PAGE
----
Ankara responds with its own crackdown on campaigners at home
ISTANBUL – As the Dutch government prevents Turkish politicians from campaigning in the Netherlands, Turkish authorities are cracking down on campaigners at home.
On Saturday night, Turkish Foreign Minister Mevlüt Çavuşoğlu called the Netherlands the “capital of fascism” after Dutch officials barred him from flying there, and deported Turkish Minister of Family and Social Policies Fatma Betül Sayan Kaya.
President Recep Tayyip Erdoğan accused the Netherlands and Germany, where Turkish political rallies have also been restricted, of “Nazism.”
The politicians had planned on attending political campaigns in the Turkish consulate in Rotterdam in support of a constitutional referendum on April 16 that could expand President Erdoğan’s already formidable powers and transform Turkey into a highly centralized presidential system.
Dr. Alexander Clarkson, lecturer of German and European Studies at King’s College London, thinks Turkey’s ruling Justice and Development Party (AKP) is intentionally escalating the diplomatic tensions for political gains.
“The TV images that are broadcast back in Turkey provide this image of the AKP defending the rights of oppressed Turks in these European cities,” Clarkson tells The Media Line.
He says this shows the AKP is nervous about what will likely be a very close referendum on a constitutional change that’s been Erdoğan’s ultimate goal for years.
“If the Turkish government was really confident about getting a victory, they wouldn’t be doing this.”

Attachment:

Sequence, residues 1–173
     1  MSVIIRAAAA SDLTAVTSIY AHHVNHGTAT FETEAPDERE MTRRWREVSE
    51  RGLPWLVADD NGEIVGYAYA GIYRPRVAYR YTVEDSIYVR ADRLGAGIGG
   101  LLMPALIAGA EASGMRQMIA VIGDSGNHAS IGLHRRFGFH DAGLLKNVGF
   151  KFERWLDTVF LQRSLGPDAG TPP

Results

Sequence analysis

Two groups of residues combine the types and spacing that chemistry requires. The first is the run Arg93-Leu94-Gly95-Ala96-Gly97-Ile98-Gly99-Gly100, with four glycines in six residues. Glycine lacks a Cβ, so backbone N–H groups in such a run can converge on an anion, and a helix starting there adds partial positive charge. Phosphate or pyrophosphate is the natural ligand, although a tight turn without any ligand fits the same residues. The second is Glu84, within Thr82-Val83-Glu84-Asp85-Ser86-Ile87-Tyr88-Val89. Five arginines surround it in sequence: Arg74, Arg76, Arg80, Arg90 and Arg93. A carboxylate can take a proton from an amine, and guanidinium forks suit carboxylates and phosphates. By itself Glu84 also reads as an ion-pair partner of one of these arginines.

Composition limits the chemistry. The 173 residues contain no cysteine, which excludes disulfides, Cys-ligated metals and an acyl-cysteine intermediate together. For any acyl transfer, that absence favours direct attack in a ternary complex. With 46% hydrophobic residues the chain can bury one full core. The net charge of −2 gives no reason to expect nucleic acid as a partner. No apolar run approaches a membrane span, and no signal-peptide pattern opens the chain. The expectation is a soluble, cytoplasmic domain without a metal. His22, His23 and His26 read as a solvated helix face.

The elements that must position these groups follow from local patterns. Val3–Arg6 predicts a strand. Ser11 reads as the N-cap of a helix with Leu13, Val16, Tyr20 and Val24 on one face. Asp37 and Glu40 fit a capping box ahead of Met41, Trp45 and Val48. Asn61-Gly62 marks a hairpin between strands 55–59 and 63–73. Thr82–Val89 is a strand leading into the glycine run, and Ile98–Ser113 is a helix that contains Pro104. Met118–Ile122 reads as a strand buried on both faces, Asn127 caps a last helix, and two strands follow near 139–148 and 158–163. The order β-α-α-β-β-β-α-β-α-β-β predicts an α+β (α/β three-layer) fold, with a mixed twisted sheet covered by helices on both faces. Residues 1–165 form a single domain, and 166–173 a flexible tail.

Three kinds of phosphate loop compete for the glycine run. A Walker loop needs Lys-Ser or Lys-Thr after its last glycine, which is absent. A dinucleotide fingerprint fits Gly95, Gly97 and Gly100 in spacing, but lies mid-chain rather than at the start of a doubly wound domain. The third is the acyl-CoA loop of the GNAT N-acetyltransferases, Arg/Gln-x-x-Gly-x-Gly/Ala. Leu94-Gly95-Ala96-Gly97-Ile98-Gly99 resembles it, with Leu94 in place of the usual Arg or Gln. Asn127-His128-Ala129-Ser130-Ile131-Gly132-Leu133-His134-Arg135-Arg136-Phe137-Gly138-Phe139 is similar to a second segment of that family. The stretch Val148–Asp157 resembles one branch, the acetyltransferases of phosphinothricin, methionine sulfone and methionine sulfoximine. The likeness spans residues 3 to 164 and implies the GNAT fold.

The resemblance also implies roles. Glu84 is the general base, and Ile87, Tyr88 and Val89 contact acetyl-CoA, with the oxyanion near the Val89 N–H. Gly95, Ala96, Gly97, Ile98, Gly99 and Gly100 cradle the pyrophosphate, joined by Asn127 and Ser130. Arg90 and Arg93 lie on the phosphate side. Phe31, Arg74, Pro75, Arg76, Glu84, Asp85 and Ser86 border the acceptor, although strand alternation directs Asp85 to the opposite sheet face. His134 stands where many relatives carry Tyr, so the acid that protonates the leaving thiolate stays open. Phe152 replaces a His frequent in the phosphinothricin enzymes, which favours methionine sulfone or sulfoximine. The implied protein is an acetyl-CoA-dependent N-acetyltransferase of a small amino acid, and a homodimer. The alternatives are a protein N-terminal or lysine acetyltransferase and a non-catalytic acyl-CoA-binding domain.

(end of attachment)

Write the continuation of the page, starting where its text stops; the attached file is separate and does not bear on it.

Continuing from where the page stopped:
Clarkson says the posturing is primarily aimed at the Nationalist Movement Party (MHP), whose leadership is working hand-in-hand with Erdoğan and the AKP, but whose ultranationalist supporters are split in their support for the president and the referendum. Fifty-nine per cent of MHP voters support “No,” while only 26 per cent support “Yes,” according to a February survey by Metropoll.
Clarkson says it’s long been common for Turkish political parties to campaign for the diaspora in Europe, but the AKP pushes it further than European governments are comfortable with, which is why many of them are now restricting the campaigning.
“There are sort of unwritten rules and conventions about how to go about it. There is no doubt that since around 2008 the AKP has been really pushing that envelope,” he says.
“If a German politician went waltzing around Turkey in this way, you can imagine what the reactions [from Ankara] would be.”
Meanwhile, No campaigners back in Turkey are harassed by the government and its supporters and likened to terrorists by Erdoğan and other top AKP politicians.
“They’re trying to intimidate and silence the No campaigners,” says Sera Kadıgil, a lawyer and member of the opposition Republican People’s Party (CHP) who was recently detained for several days after coming into the spotlight when videos of her campaigning for No went viral.
“I have four different lawsuits against me at the moment, all related basically to my political views or duties,” Kadıgil tells The Media Line.
“On paper, I have been prosecuted for some tweets I wrote six – seven years ago. The obvious reality is that I am a party assembly member of CHP and I have recently received a lot of exposure in both mainstream and social media for effectively campaigning for No.”
She says the state pressure isn’t just against No campaigners.
“Anyone who doesn’t support the current government is under a lot of pressure.”